Eventually the students learned of Bruno’s plight, and they pooled their money to come up with $400 to give Mr. Paiva.  He was stunned …

“This cannot be. How can you do this?”

When Bruno began crying, wiping tears from his face, every student in the class went to him and they had a huge group hug.  Bruno-Paiva

Now, granted, these stories are all about small things, things that likely go unnoticed in the course of a day.  Nobody in these stories dedicated their life to saving starving children in Africa, or giving million dollar grants to climate scientists to pursue their work.  Nobody built houses for the homeless or rescued people from an avalanche.  But you see, it doesn’t matter the size of the good deed, but rather the compassion behind it.  These are all young people who have their hearts in the right place, who have somehow, whether from parents, teachers, family or friends, come to realize that we are all on this planet together, are all part of the human race, and that it feels good to help each other.

We don’t learn to be givers, to have compassion for others at age 25, or 43, or 59.  It isn’t something that comes to us at some point in our lives.  It is nurtured in our youth.  These young people are the sort who give us hope for the future, hope that perhaps people with humanitarian values are not a dying breed after all.  If we just look around us, we can see everyday people, ordinary folk like us, doing good things.  I am encouraged by the big hearts of these young people.  I hope you are too.

41 thoughts on “Good People Doing Good Things — The Next Generation

  1. Dear Jill,
    All these deeds show compassion for others. These are examples of kindnesses that we all can do. And like 1 voice x1000s makes a difference, these acts of kindness x 1000s makes a difference. I love these stories.

    Hugs, Gronda

    Liked by 1 person

  2. “It is not our job to toughen our children up to face a cruel and heartless world. It’s our job to raise children who will make the world a little less cruel and heartless.” – L. R. Knost. It is heartwarming to know that values and morals are being taught and learned. Sincere gratitude to the children and to the parents too. Thank-you, love these Wednesday posts!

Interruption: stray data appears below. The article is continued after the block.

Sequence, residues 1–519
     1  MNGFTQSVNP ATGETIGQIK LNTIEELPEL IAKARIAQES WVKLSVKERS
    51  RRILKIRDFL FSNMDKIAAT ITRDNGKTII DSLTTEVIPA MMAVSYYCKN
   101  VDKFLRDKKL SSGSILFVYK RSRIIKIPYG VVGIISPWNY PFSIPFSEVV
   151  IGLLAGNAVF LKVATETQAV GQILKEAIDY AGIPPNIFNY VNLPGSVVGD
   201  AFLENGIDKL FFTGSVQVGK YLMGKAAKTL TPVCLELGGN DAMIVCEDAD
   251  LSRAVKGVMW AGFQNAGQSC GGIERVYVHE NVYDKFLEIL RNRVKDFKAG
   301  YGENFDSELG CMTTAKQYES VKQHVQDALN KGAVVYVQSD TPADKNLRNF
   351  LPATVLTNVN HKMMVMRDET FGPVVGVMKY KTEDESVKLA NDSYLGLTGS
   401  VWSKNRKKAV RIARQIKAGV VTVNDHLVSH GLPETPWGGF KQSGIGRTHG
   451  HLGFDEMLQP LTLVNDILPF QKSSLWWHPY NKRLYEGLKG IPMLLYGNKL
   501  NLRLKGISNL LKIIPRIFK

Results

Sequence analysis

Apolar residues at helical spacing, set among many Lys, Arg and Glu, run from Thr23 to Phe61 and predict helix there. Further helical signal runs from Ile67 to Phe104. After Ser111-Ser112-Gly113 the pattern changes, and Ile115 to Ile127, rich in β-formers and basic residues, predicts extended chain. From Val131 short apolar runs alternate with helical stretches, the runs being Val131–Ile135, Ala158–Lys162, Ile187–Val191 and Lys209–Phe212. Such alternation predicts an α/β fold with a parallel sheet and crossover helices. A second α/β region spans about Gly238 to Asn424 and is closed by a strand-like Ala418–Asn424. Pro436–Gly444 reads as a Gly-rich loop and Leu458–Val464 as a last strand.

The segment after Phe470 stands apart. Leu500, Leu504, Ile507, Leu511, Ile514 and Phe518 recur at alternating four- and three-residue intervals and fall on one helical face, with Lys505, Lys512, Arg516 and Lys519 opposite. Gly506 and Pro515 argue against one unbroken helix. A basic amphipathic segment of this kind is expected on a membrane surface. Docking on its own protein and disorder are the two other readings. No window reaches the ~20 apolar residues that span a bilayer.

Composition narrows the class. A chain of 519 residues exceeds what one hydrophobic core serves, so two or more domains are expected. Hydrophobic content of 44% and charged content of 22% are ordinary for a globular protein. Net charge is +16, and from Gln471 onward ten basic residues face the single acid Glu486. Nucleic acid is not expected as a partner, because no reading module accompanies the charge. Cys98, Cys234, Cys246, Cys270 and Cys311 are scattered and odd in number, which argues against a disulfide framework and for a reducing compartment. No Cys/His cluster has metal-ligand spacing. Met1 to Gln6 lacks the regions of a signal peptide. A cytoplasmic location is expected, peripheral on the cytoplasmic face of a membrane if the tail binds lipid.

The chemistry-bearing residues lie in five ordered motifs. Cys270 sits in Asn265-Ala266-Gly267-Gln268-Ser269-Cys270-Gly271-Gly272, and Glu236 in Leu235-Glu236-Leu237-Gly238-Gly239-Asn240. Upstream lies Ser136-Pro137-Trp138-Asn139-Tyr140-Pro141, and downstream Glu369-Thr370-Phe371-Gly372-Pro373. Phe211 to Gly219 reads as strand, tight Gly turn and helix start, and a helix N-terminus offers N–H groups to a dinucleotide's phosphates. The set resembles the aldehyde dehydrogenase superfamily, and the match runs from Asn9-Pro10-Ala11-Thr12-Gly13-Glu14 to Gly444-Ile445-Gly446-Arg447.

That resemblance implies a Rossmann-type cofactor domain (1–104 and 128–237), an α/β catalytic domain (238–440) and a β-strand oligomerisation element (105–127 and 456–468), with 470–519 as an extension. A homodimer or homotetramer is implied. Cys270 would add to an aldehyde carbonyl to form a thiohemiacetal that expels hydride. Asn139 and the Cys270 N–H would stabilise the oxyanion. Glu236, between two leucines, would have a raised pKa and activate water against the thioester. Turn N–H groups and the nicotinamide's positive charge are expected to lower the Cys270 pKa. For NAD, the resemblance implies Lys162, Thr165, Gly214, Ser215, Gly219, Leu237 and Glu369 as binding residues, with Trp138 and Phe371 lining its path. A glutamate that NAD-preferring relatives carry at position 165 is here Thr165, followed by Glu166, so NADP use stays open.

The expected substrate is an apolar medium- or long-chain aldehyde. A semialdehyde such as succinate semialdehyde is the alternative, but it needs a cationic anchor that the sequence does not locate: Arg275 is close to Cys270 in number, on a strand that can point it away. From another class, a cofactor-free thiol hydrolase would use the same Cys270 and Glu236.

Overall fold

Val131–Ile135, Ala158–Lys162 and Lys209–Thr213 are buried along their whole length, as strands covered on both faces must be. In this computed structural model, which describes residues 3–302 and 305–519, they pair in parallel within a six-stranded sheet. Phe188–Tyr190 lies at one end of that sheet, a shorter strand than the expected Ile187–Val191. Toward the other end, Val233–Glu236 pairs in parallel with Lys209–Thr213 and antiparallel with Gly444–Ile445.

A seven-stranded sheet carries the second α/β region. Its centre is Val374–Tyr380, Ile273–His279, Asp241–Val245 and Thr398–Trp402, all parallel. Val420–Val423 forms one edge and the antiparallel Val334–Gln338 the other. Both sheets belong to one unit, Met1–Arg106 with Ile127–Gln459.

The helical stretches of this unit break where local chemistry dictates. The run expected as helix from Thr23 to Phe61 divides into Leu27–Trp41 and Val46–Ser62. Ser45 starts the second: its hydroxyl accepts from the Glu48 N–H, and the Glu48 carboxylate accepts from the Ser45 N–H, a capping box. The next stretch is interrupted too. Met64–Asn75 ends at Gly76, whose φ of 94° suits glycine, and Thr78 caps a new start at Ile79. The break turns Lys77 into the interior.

Liked by 1 person

  3. I noticed in the first story it was a young black boy and an old white man. There are those who would have immediately rejected the boy’s offer because of fears he would come to their house and “rip them off.” It was to the old gentleman’s credit that he accepted the offer. Too bad there aren’t more like him in the world of today.

    Liked by 1 person

  4. I want to say, as usual, you come up with great heroes, Jill. But while this may now be usual (weekly) for you , I, and your readers, it can never be “just usual” for all your heroes. Great work, heroes, the world appreciates your amazing actions! May you and others continue to do them for the rest of your lives…

    Liked by 1 person

  5. Jill, these stories give us all hope. The compassion astounds. The pitcher who comforted his best friend after striking him out to go to the playoffs said comforting my friend is far more important than the score of a silly game. That speaks volumes. Keith

    Liked by 3 people

  6. The story I found most remarkable was that of Brecken Hayes who at an early age has learned the difference between “wants” and “needs.” Remarkable young people. And you are spot on: it matters not the size of the generous act. It matters only thatches people have compassion and want to do good. Thanks for making my week — again!

    Liked by 3 people

  7. Kindness comes in the smallest packages with the biggest hearts. Humanity is not about raising millions of dollars for the starving (and all of the publicity and bureaucracy that goes with that), it is about caring about the person right next to you.💖💖💖

    Liked by 2 people